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Class – the church's hidden 'ism'
Home > Interpreter Magazine > Archives > 2006 Archives > March-April 2006 > Breaking the class barrier

Members of the Church of St. Paul & St. Andrew in Manhattan work in the church’s food pantry.
Breaking the class barrier

Churches keep economic classes in mind when exhibiting 'open doors'

by Joey Butler

During a meeting of pastors, one attendee commented, "I think our church has open doors to all colors, but I'm not sure if we're open to the folks in the trailer court across the street."

While churches make efforts to be more inclusive, economic classism still exists. The Rev. K Karpen, pastor of the (United Methodist) Church of St. Paul & St. Andrew  in New York, says classism may be a bigger problem for the church than racism. Most of it is unintentional, but "it's the unconscious signals we give," said Karpen.

St. Paul & St. Andrew has a diverse congregation. It includes lawyers, producers, Broadway actors and singers, as well as those who are unemployed, struggling to make ends meet or homeless. The church is located on the Upper West Side of Manhatttan, in one of the wealthiest ZIP codes in New York, but the neighborhood's economic diversity changes "from building to building," Karpen said. In fact, he said, 25 percent of the people who use the church's emergency food ministry are local.

"A challenge for us is, how do we mix the groups so we don't have one group coming only to the food pantry and another group coming only to worship," Karpen said.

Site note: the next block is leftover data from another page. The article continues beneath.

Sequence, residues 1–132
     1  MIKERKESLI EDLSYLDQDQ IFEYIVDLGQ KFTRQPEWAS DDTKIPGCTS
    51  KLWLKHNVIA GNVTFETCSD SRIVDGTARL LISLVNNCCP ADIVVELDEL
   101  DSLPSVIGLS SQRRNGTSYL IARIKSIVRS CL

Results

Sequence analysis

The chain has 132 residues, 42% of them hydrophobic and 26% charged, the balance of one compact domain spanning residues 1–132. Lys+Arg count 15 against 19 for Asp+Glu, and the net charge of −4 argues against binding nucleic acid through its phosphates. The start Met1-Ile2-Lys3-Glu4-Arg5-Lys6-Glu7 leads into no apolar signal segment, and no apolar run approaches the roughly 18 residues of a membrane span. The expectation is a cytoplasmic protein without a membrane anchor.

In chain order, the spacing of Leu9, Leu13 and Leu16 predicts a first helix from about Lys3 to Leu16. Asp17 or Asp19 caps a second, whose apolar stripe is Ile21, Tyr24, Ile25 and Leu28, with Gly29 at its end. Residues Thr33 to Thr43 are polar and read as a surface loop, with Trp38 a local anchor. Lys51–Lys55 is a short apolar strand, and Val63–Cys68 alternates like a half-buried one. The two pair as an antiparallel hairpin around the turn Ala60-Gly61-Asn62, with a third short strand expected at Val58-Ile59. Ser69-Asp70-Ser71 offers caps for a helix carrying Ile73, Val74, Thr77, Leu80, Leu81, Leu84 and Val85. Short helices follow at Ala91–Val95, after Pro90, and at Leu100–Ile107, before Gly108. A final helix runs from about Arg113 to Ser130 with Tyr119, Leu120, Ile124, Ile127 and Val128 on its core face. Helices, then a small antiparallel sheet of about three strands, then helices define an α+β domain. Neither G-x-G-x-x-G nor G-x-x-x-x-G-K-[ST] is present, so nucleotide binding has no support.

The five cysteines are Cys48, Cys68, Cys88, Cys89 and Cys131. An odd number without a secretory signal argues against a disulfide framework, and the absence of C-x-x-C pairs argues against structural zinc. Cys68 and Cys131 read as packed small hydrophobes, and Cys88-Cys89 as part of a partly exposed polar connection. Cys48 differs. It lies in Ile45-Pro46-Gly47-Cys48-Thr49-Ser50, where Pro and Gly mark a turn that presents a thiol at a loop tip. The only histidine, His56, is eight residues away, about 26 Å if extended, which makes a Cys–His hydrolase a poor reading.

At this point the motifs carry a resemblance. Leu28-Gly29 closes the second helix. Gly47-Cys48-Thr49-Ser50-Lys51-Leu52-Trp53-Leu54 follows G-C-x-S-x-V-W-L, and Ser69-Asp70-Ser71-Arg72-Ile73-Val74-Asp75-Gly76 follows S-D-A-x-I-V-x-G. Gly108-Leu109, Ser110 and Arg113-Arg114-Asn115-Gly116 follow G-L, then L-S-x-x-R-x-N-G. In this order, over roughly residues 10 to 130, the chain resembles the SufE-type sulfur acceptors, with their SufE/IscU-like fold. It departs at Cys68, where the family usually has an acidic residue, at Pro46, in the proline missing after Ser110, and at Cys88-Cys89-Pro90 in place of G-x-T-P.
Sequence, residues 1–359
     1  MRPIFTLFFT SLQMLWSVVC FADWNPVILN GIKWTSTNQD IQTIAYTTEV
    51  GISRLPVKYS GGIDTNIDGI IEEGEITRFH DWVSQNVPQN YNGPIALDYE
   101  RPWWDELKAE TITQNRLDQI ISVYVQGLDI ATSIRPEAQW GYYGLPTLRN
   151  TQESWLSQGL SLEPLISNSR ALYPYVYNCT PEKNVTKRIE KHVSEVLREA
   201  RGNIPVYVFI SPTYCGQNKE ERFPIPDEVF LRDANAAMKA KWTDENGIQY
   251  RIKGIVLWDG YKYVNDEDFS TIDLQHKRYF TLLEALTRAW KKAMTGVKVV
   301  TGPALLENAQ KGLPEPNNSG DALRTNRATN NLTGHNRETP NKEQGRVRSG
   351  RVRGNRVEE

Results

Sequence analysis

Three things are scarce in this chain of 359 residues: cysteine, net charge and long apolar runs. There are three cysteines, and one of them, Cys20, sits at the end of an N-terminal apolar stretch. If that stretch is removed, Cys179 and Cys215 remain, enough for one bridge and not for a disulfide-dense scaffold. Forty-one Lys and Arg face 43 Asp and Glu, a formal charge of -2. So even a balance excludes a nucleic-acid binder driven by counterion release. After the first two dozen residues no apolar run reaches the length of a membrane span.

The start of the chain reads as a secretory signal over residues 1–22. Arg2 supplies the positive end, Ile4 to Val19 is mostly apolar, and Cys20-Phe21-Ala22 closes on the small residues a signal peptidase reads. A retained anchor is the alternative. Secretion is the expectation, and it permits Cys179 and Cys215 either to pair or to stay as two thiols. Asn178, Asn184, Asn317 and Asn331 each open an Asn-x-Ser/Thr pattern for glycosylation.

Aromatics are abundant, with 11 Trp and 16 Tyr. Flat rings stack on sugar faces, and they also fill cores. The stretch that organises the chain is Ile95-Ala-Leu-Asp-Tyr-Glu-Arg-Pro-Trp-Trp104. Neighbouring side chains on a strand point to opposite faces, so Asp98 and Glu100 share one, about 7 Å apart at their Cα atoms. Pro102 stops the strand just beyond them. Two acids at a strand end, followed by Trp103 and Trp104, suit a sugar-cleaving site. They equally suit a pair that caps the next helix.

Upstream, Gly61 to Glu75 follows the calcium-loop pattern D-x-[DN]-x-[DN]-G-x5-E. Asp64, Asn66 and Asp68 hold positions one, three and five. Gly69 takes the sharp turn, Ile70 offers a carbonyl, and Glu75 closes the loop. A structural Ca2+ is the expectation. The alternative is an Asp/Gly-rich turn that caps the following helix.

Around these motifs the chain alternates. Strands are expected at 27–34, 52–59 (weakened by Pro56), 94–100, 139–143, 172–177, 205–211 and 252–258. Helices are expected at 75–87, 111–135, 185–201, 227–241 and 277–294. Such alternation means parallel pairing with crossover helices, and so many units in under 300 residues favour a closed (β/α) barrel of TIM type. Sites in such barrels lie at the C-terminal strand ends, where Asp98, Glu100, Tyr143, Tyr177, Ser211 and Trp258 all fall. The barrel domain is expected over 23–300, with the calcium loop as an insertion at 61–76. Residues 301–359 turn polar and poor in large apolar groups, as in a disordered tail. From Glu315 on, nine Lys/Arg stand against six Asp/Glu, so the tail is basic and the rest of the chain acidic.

To combat this, Karpen periodically appoints some of the pantry visitors to lead worship, and church members and youth work at the pantry.

He also cited the church's lack of a formal dress code, relating the story of a member who came from a recovery program and didn't have dress clothes. The man shared how important the relaxed dress was to making him feel welcome.

The Rev. Suzanne Mades, pastor of Wesley United Methodist Church in Minneapolis, agrees that some of the smallest bricks form the biggest barriers.

Detail from collage art by Richard Saholt depicting homelesness. Used with permission.
Learning different small talk

"A lot of times, homelessness can be a bigger barrier than race," Mades said.

"How do you converse? The stereotypical 'middle-class' conversation starters are asking where you live and work. We learned to build conversation that didn't point out the cultural divide. We ask things like 'Where are you from?' or 'Where do you stay?'"

"Folks in poverty are conscious of being rejected and may not want to open themselves up to people they think will judge them."

Emily Reece, director of program and training for Igniting Ministry the denomination's welcoming ministry, said examples like Mades' are common.

"Classism is more likely to be unintentional, but it requires education," she said. "People tend to go to church where there are folks like them, but when a congregation is so similar, it may have more trouble bridging diversity issues."

Reece told the story of a church in another denomination she once served. The congregation was mostly upper-middle-class people, and had an emergency-aid ministry in which the trustees would meet with those in need of financial help. Some people raised concerns about whether to have the meetings in the church's parlor, which had expensive furniture.

"So they were doing a good thing by helping people struggling financially, but still sending out the signal that these people weren't good enough to sit on their nice furniture," Reece said. "That's a common problem: How do we reach out without being condescending? Only empathy overcomes stereotyping."